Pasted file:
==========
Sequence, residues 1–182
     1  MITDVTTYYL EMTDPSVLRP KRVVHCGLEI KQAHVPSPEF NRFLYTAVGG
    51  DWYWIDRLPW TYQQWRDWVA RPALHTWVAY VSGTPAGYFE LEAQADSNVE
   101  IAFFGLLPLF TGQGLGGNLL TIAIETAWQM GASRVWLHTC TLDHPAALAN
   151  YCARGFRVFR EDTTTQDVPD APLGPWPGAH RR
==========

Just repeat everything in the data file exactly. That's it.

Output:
Sequence, residues 1–182
     1  MITDVTTYYL EMTDPSVLRP KRVVHCGLEI KQAHVPSPEF NRFLYTAVGG
    51  DWYWIDRLPW TYQQWRDWVA RPALHTWVAY VSGTPAGYFE LEAQADSNVE
   101  IAFFGLLPLF TGQGLGGNLL TIAIETAWQM GASRVWLHTC TLDHPAALAN
   151  YCARGFRVFR EDTTTQDVPD APLGPWPGAH RR